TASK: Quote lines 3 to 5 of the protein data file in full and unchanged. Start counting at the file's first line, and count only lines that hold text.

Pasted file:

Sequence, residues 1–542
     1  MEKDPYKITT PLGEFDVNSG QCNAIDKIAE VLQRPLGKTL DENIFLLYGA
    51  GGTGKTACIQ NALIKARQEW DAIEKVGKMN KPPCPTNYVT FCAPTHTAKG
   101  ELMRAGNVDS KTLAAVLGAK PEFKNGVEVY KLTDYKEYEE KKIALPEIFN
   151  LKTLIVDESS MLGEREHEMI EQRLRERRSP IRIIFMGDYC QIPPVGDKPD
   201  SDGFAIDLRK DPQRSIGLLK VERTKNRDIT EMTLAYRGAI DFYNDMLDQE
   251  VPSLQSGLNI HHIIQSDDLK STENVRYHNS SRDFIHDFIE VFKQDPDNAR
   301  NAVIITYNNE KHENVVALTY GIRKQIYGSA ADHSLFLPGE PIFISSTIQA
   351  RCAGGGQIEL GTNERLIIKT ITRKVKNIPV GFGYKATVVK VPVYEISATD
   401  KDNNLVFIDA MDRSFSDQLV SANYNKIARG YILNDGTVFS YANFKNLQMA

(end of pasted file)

    51  GGTGKTACIQ NALIKARQEW DAIEKVGKMN KPPCPTNYVT FCAPTHTAKG
   101  ELMRAGNVDS KTLAAVLGAK PEFKNGVEVY KLTDYKEYEE KKIALPEIFN
   151  LKTLIVDESS MLGEREHEMI EQRLRERRSP IRIIFMGDYC QIPPVGDKPD